Using Cursor Variables As Function Arguments on Oracle 9i

June 30, 2004

Synopsis. Oracle 9i offers the ability to pass data to a PL/SQL function in the form of a cursor variable. When this feature is paired with the concept of the table function, the resulting PL/SQL code increases significantly in flexibility and scalability. This article builds upon the author's previous article on table functions and provides a brief technical explanation of how best to implement this feature.

In my ongoing attempts to clean up the use of global temporary tables in our production Oracle database, I have been refining a set of best practices for creating PL/SQL table functions. (Please see my last article, CASTing About For A Solution: Using CAST and Table Functions in PL/SQL for a detailed description of the business problem I am solving.)

One of the more interesting features of Oracle 9i is the ability to pass arguments to procedures and functions in the form of a cursor variable. As its name implies, I can define the input argument as reference cursor, populate it and pass the populated rows to the function or procedure.

Strongly-Typed Reference Cursors

A strongly-typed reference cursor is one whose result set is a predefined list of variables defined by the %ROWTYPE designation. A strongly-typed cursor is usually declared within the bounds of a package specification, and this definition is then referenced within the function's signature to define the incoming reference cursor as a variable.

Weakly-Typed Reference Cursors and SYS_REFCURSOR

A weakly-typed reference cursor, on the other hand, may be defined either in a package specification by leaving out the %ROWTYPE specifier, or "on the fly" by signing it the special SYS_REFCURSOR directive. The advantage of a weakly-defined reference cursor is that I don't need a package specification to define it ahead of time. However, I do need to insure that the reference cursors that I pass to a table function match what that function expects to process.

See Listing 1.1 for an example of declaring both types of reference cursors.

Reference Cursors As Arguments

Strongly-typed or weakly-typed reference cursors can be passed directly as parameters to a packaged function, procedure, stored procedure, or stored function. In addition, multiple reference cursors can be passed as arguments. Here is a sample declaration for a new table function:

CREATE OR REPLACE FUNCTION sf_get_max_division_salaries(
    arc_divisions   IN	hr.pkg_ref_cursors.divisions_rc
   ,arc_salaries	IN	SYS_REFCURSOR
)
RETURN division_salary_t PIPELINED
IS
BEGIN
. . .
{function body}
. . .
RETURN;
END;
/

See Listing 1.2 for an example of a new table function, sf_get_max_division_salary, for a detailed example of declaring both a strongly-typed and a weakly-typed reference cursor as input arguments to a table function.

Passing Reference Cursors Using CURSOR

Passing reference cursors as arguments to functions is simple and yet flexible. To pass a SELECT statement into a reference cursor, simply wrap it in the CURSOR directive. Here is an example for the function above:

SELECT *
    FROM 
    TABLE(
        CAST(
            sf_get_max_division_salaries(
                 CURSOR(SELECT * FROM hr.divisions),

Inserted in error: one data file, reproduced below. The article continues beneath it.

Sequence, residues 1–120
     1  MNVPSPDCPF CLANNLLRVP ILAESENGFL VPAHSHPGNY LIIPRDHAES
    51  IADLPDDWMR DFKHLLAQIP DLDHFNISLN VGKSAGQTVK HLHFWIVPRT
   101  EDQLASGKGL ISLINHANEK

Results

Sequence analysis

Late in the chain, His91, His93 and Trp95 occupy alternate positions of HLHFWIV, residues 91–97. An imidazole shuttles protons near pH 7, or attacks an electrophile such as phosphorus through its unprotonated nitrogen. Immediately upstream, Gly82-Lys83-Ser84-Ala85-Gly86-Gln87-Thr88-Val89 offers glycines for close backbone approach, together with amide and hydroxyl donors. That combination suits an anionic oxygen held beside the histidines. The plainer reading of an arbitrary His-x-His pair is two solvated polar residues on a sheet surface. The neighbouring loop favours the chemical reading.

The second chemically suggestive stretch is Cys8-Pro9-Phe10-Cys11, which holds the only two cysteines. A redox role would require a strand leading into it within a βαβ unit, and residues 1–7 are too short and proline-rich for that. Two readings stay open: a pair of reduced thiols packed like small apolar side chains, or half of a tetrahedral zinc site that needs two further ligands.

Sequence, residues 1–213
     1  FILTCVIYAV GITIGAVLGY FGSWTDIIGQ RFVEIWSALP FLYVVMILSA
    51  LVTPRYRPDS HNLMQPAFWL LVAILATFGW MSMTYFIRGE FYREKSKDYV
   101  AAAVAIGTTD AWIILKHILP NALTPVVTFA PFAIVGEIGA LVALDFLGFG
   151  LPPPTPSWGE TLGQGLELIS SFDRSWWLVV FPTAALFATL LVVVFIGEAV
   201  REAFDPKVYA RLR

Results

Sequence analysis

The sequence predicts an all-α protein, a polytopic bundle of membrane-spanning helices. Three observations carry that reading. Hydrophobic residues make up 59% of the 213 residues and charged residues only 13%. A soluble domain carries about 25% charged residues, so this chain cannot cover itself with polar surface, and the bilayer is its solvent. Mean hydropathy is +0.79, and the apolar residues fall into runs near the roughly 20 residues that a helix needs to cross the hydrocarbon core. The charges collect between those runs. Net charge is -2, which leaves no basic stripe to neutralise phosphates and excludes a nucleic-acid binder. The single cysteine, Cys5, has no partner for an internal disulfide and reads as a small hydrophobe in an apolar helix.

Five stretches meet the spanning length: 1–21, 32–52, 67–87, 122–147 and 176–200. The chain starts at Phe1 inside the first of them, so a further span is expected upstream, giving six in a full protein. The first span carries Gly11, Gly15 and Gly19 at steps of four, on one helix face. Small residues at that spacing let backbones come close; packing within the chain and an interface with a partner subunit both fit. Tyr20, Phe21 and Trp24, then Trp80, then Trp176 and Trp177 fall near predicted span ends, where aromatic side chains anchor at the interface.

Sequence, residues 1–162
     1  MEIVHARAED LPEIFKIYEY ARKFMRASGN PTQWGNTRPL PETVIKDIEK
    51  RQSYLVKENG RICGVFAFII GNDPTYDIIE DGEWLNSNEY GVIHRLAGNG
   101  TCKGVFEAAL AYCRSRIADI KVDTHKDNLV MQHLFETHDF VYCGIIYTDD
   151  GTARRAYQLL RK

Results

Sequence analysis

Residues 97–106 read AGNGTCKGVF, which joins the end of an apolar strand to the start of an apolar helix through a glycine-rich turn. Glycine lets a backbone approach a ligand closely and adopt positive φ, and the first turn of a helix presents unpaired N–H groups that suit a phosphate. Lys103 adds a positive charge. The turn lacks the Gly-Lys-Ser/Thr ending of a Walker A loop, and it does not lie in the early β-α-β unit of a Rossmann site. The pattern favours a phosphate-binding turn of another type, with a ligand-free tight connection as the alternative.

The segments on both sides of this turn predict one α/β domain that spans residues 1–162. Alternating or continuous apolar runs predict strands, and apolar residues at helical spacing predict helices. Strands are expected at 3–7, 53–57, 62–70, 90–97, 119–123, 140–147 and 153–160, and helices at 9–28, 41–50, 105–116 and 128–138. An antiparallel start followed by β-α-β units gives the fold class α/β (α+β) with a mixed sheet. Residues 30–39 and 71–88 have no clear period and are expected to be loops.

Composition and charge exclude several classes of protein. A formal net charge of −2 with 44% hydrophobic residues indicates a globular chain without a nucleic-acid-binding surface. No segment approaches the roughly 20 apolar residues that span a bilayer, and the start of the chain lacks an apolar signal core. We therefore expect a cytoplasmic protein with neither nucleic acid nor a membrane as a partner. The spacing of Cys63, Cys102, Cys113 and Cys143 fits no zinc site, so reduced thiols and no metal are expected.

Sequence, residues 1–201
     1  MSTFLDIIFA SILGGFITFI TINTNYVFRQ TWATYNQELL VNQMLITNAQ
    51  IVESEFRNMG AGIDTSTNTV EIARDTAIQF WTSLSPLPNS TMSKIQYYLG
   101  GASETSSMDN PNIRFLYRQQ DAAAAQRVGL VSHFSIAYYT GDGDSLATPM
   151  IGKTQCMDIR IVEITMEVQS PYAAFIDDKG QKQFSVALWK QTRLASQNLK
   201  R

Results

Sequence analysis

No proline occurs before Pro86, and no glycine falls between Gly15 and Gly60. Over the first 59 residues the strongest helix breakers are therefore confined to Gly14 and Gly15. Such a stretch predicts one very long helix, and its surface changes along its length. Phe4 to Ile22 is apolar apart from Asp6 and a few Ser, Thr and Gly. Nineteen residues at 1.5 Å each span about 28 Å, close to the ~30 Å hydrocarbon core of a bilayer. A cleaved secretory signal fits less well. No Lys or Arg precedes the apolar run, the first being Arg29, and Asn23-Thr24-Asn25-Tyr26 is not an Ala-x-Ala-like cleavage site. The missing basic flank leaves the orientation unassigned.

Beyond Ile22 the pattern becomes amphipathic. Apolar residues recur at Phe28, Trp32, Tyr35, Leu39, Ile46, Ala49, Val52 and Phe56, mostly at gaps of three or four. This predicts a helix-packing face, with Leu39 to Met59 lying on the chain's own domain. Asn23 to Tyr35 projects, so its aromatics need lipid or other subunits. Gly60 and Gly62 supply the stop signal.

CURSOR(SELECT D.division_id, MAX(E.salary) 
                          FROM hr.employees E, hr.departments D
                         WHERE E.department_id = D.department_id
                         GROUP BY D.division_id))
            AS division_salary_t
            )
         );

Listing 1.3 shows a ready-to-execute example of how the sf_get_max_division_salary function would be called to return a list of the maximum salary within each division of the company.

A Practical Example: Code Table Generator

The prior example illustrates how to provide multiple reference cursor arguments to one table function. One of my other recent deliverables involved providing a flexible, extendable code table generator for my development team.

Our Powerbuilder client-server applications and web-based Microsoft .NET applications use drop-down list boxes extensively to customize a user's environment. A user from Company A that accesses our web-based application needs to have a different look and feel for his web page than does a user from Company B. Moreover, what makes this more complex is that one of our standard product offerings may be called two different products by either Company A or Company B.

A code table generator would make my developers' coding efforts much simpler: All their code would have to do is provide the appropriate SELECT statement against the proper table(s) using the correct syntax, pass that SELECT statement into a table function, and receive a properly-formatted, standard result set.

Listing 1.4 provides the prototype code for a standard code table function, and Listing 1.5 shows three examples of how the function can be called with different SELECT statements to return one standard set of code table entries. (I have utilized the DIVISION, DEPARTMENT and EMPLOYEE entities of the HR schema in the demo database to provide a simple example.)

Conclusion

Cursor variables provide increased flexibility and scalability, especially for PL/SQL table functions, in Oracle 9i. My PL/SQL development "tool belt" is stronger with the addition of this slick set of features, and I encourage all Oracle developers to experiment with them.

References and Additional Reading

While there is no substitute for direct experience, reading the manual is not a bad idea, either. I have drawn upon the following Oracle 9i Release 2 documentation for the deeper technical details of this article:

A96624-01 Oracle 9i PL/SQL User's Guide and Reference, Chapter 8

» See All Articles by Columnist Jim Czuprynski








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